November 03, 2020

To Hold Up the Sky

By Cixin Liu
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Short stories in science fiction are frequently answers to questions. What if, an author wonders, an incomprehensibly powerful alien being were inspired by an ice sculpture? Or what if there were nations in cyberspace, separate and distinct from their real-world counterparts? What if a world on the brink of annihilation could be saved by a poet? Or a teacher?

Each of these questions is explored in a story in Cixin Liu’s new collection, To Hold Up the Sky. These stories span three decades of his writing career, from 1985 to 2014, and although many have been published before, all are new to his English-speaking audience. As with any writer over such a long period, Liu’s style evolves from the earliest stories to the more recent ones, and yet they are all immediately recognizable as his work.

In some ways, Liu's point of view is rare among science fiction novelists of his international stature. Unlike most of his peers in the Western science fiction scene, whose worlds frequently comment on fundamental human failings or the dystopian struggles of an inconsistently ethical society, Liu’s work is suffused with an understated optimism. To Hold Up the Sky is no different. In fact, he hints at this in the foreword, where he mentions that in his writing, he is always attempting to depict “the relationship between the Great and the Small.” To him, the “Small” is all of humankind, and at this project's core, there's a presumption that humans are always more united than we are divided, that our communal nature is our defining characteristic as a species and that free will, along with the frailties and flaws that it allows, is essential to that collaborative instinct. (And yes, that does sound like a contradiction, but this is addressed and dispensed within one of the stories in To Hold Up the Sky.)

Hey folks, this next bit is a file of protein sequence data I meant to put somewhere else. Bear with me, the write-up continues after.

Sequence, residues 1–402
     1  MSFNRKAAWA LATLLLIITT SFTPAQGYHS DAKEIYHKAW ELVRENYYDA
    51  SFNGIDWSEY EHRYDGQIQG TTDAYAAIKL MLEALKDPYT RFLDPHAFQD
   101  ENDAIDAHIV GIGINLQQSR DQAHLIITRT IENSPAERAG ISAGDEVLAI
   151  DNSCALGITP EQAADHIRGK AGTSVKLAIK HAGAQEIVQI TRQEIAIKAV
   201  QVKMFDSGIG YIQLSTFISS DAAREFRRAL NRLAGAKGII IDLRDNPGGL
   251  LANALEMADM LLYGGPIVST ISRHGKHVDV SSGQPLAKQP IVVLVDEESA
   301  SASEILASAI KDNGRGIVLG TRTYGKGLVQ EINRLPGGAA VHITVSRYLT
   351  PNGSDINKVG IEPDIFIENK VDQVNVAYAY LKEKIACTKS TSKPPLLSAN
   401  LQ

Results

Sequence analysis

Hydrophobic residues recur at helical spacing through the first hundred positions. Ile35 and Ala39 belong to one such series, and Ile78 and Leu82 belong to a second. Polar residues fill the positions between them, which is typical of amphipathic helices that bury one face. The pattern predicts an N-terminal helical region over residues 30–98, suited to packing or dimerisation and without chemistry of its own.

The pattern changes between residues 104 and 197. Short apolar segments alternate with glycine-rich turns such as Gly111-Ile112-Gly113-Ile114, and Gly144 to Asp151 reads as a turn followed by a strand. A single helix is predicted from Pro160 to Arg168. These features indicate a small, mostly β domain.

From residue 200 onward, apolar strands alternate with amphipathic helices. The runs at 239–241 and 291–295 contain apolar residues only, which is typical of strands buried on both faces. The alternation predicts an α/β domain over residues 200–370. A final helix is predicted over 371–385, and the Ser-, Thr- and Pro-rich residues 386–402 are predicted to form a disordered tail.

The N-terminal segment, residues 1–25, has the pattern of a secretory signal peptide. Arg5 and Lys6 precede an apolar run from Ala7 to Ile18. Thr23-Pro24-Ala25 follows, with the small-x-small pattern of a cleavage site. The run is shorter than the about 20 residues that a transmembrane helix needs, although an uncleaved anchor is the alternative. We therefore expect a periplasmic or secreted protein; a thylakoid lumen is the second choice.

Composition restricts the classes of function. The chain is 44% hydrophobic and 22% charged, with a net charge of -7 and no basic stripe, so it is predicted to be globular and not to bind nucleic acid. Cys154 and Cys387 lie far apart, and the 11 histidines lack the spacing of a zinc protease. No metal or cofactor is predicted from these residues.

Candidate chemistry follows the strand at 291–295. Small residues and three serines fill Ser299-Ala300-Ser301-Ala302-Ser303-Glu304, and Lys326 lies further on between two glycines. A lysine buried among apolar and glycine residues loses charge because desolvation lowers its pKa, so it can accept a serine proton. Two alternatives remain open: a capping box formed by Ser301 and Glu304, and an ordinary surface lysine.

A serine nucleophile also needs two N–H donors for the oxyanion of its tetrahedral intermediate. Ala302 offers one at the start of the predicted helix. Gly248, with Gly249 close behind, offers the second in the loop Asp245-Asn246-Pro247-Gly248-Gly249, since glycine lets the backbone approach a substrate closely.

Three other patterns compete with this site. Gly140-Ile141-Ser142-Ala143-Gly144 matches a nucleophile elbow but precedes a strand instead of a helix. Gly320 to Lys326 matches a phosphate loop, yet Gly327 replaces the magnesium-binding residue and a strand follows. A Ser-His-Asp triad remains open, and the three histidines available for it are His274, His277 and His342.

This realistic but positive outlook is shared by a few other science fiction writers—Isaac Asimov, Carl Sagan, Becky Chambers and Iain M. Banks come to mind—but rarely is it as essential to a speculated universe as in Liu’s prose. As a result, few writers achieve quite the same flavor of optimistic apocalypse or infuse existential dread with such a tangible thread of hope. Throughout To Hold Up the Sky, Liu brings his collections of ice sculptors and poets and computer scientists and military engineers teeteringly close to oblivion. He does so knowing that the crisis is finite, and that humanity in its feeble entirety will either survive, learn and grow, or simply . . . stop. And he insists that there is beauty either way.

I am not certain if I agree with this sentiment. It is both too cynical and too idealistic for me. (See? Yet another contradiction!) But either way, Liu is far too good a writer for me to put this book aside.

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